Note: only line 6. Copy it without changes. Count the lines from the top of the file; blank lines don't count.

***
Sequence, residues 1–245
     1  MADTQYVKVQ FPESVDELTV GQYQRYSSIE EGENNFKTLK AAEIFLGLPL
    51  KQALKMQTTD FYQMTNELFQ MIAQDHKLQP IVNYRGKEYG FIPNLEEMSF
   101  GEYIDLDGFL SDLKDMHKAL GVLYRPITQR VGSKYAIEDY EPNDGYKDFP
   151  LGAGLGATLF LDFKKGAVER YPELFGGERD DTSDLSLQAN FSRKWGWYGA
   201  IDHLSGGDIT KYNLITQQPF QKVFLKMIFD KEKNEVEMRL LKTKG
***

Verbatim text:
   201  IDHLSGGDIT KYNLITQQPF QKVFLKMIFD KEKNEVEMRL LKTKG